625 P.2d 576
No. 12266Supreme Court of Nevada.
March 26, 1981
Appeal from order granting summary judgment, Eighth Judicial District Court, Clark County; Keith C. Hayes, Judge.
Goodman, Oshins, Brown Singer, Las Vegas, for Appellants.
Robert Miller, District Attorney, and S. Mahlon Edwards, Deputy District Attorney, Clark County, for Respondents.
By the Court, MANOUKIAN, J.:
In this appeal from the order granting summary judgment to respondents, we are required to determine whether under section 4.08.010 of the Clark County Code, the owner-lessor of a hotel property is an “operator” and thus liable for room taxes that have accrued during the tenure of the lease. The trial court ruled that it is and we affirm that determination.
Appellants, hereinafter referred to as 20th Century, owned and operated the 20th Century Hotel and Casino in Las Vegas. On February 6, 1978, 20th Century entered into an agreement with JNS Hotel Enterprises, Inc., hereinafter JNS, whereby 20th Century leased for 5 years the hotel portion of the facility to JNS, retaining operational control of the casino.
Under the lease, JNS agreed to “comply with the laws, ordinances and regulations” of all government entities, and to assume sole responsibility for “all room taxes and sales taxes assessed against [JNS] activities.” 20th Century agreed to remain solely responsible for all real and personal property taxes.
During the eleven months in which JNS operated the hotel, although JNS collected the room taxes, it failed to pay to respondents, hereinafter referred to as Clark County, approximately $52,000 in room taxes. Consequently, respondents recorded a tax lien against the hotel property and instituted suit against JNS. Thereafter, 20th Century commenced the present action for declaratory relief, wherein it sought a determination that it, as owner of the property, was not subject to a lien for taxes incurred by its lessee, JNS. Clark County counter-claimed, seeking a determination that the lien and assessment were valid. Subsequently, both parties filed motions for summary judgment, and the court below rendered judgment in favor of Clark County.
Section 4.08.010 of the Clark County Code provides in part:
There are fixed and imposed license taxes for revenues, . . . on the operators of hotels, . . . within the county and located and situated outside the limits of incorporated cities and towns therein, in addition to license taxes heretofore fixed and imposed:
(a) Five percent of all monies received from room rentals by resort hotels.
(Emphasis added.) 20th Century contends that the lessee is
solely responsible for the tax indebtedness as the “operator” of the hotel. Although the term “operator” has not been explicitly defined by the county, a review of the entire enactment supports a determination that the owner-lessor is accountable for the hotel room tax.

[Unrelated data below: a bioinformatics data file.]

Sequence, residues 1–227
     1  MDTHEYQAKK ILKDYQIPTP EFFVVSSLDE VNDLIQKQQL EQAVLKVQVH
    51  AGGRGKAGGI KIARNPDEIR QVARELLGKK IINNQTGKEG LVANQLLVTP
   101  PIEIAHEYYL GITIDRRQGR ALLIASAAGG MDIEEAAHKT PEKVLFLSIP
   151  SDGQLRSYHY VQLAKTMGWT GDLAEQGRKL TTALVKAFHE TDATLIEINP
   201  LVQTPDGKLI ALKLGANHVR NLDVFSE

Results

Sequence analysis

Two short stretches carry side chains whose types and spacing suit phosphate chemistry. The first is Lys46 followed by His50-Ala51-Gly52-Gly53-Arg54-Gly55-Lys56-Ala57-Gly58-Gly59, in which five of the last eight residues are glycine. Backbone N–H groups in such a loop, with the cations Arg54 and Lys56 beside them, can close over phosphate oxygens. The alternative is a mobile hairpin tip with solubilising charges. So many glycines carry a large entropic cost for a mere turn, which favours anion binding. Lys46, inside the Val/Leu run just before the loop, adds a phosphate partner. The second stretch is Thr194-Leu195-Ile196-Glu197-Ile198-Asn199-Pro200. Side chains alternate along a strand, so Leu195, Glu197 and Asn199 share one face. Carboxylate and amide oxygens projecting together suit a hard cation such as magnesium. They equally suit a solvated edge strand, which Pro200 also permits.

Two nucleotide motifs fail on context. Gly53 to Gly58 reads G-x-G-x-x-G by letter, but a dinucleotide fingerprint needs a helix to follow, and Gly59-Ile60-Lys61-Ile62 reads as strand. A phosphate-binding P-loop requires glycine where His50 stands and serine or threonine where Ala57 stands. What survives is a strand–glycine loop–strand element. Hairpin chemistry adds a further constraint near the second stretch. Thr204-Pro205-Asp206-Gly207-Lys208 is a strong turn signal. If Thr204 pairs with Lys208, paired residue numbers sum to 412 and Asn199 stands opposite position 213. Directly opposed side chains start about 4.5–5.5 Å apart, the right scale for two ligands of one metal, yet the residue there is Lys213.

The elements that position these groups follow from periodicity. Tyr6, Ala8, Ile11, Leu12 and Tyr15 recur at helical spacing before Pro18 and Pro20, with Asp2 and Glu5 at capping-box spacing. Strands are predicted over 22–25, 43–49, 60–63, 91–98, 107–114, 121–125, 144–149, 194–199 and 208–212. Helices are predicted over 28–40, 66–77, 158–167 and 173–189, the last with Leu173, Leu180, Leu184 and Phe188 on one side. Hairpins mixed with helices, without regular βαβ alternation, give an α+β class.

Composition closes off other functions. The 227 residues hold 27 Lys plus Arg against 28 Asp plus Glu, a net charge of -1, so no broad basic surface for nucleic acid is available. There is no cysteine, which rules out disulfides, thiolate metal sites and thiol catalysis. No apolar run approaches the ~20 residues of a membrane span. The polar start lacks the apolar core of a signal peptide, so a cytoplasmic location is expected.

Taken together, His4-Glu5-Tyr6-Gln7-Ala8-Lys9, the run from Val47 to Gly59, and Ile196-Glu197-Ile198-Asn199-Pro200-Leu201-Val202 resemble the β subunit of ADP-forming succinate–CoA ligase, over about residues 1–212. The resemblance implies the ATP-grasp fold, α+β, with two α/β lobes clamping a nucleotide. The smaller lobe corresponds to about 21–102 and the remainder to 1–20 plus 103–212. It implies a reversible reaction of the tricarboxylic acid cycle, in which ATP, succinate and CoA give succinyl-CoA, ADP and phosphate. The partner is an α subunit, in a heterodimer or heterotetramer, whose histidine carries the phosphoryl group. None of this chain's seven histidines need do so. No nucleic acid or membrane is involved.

We must construe an act “in light of its purpose and as a whole.” Acklin v. McCarthy, 96 Nev. 520, 523, 612 P.2d 219, 220
(1980); Thomas v. State, 88 Nev. 382, 384, 498 P.2d 1314, 1315
(1972). Evidence of intent not to focus merely on management is found in the title of the enactment adopting section 4.08.010, “AN ORDINANCE FIXING AND IMPOSING LICENSE TAXES FOR REVENUE UPON HOTELS AND MOTELS. . . .” In addition, Clark County code section 4.08.010(a) defines a resort hotel as an “establishment renting rooms . . . and having a casino containing no less than three games.” The section continues by providing that:
It shall be immaterial as to whether or not the rooms and the casino are separately operated and/or whether separately owned and operated or not, the combination of rooms and casino shall be deemed to be one establishment and the five percent rate shall apply.
Id. Our determination is reinforced on consideration of NRS 244.335(3) and NRS 269.170(2), which refer to the room tax as constituting a lien upon the real property. This is compelling evidence of legal intent and it, coupled with the fact that the tax revenue is to be used for the acquisition of a convention center within Clark County, which facility would benefit both the management by increased business and the owner by the enhanced value of the investment, is most convincing. Moreover, an interpretation relieving owner-lessors of liability would spawn governmental difficulties in enforcement which were not contemplated, and which would be counter to the purpose of the ordinance. Therefore, to effectuate the purposes of the ordinance, as well as its terms, we conclude that “operator” includes both the lessor-owner and the lessee-manager. Compare, Magee v. Whiteacre, 60 Nev. 202, 213, 106 P.2d 751, 753 (1940) (lien allowed for improvements made by irrigation district).
We affirm the summary judgment.
GUNDERSON, C.J., and BATJER and MOWBRAY, JJ., and BEKO, D.J., concur.